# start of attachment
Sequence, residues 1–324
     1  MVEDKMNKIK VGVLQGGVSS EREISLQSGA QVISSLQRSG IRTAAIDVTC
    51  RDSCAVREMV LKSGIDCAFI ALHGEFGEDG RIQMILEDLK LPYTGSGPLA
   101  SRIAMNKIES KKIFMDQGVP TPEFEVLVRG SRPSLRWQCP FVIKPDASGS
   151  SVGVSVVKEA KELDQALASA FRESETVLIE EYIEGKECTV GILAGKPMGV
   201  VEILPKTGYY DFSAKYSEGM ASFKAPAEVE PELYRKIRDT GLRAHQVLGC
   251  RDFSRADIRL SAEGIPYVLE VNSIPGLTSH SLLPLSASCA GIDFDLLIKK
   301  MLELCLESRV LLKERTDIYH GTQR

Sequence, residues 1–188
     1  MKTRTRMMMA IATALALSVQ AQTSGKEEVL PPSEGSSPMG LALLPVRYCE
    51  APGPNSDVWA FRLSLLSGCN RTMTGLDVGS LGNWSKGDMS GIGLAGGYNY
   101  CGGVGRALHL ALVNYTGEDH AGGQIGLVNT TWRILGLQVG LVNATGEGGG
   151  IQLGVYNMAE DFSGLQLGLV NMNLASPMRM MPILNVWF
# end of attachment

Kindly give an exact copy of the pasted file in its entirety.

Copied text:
Sequence, residues 1–324
     1  MVEDKMNKIK VGVLQGGVSS EREISLQSGA QVISSLQRSG IRTAAIDVTC
    51  RDSCAVREMV LKSGIDCAFI ALHGEFGEDG RIQMILEDLK LPYTGSGPLA
   101  SRIAMNKIES KKIFMDQGVP TPEFEVLVRG SRPSLRWQCP FVIKPDASGS
   151  SVGVSVVKEA KELDQALASA FRESETVLIE EYIEGKECTV GILAGKPMGV
   201  VEILPKTGYY DFSAKYSEGM ASFKAPAEVE PELYRKIRDT GLRAHQVLGC
   251  RDFSRADIRL SAEGIPYVLE VNSIPGLTSH SLLPLSASCA GIDFDLLIKK
   301  MLELCLESRV LLKERTDIYH GTQR

Sequence, residues 1–188
     1  MKTRTRMMMA IATALALSVQ AQTSGKEEVL PPSEGSSPMG LALLPVRYCE
    51  APGPNSDVWA FRLSLLSGCN RTMTGLDVGS LGNWSKGDMS GIGLAGGYNY
   101  CGGVGRALHL ALVNYTGEDH AGGQIGLVNT TWRILGLQVG LVNATGEGGG
   151  IQLGVYNMAE DFSGLQLGLV NMNLASPMRM MPILNVWF